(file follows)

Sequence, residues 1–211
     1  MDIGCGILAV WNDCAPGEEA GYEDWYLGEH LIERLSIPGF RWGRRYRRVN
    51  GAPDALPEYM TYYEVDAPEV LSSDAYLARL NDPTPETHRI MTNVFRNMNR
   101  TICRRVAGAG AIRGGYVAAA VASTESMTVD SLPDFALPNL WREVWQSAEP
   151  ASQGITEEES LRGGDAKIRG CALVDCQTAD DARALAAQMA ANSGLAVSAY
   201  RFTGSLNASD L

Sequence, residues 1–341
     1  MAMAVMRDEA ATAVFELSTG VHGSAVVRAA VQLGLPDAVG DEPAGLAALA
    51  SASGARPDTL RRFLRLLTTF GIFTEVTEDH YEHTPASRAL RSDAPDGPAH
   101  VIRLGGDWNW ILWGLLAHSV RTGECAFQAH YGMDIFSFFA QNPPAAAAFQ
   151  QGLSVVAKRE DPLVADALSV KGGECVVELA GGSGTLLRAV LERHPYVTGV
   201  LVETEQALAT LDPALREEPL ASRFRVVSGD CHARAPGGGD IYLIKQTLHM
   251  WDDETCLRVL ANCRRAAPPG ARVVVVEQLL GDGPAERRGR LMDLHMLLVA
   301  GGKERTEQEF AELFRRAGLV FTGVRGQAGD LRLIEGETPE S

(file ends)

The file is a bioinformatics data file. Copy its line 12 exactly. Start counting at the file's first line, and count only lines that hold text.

   201  LVETEQALAT LDPALREEPL ASRFRVVSGD CHARAPGGGD IYLIKQTLHM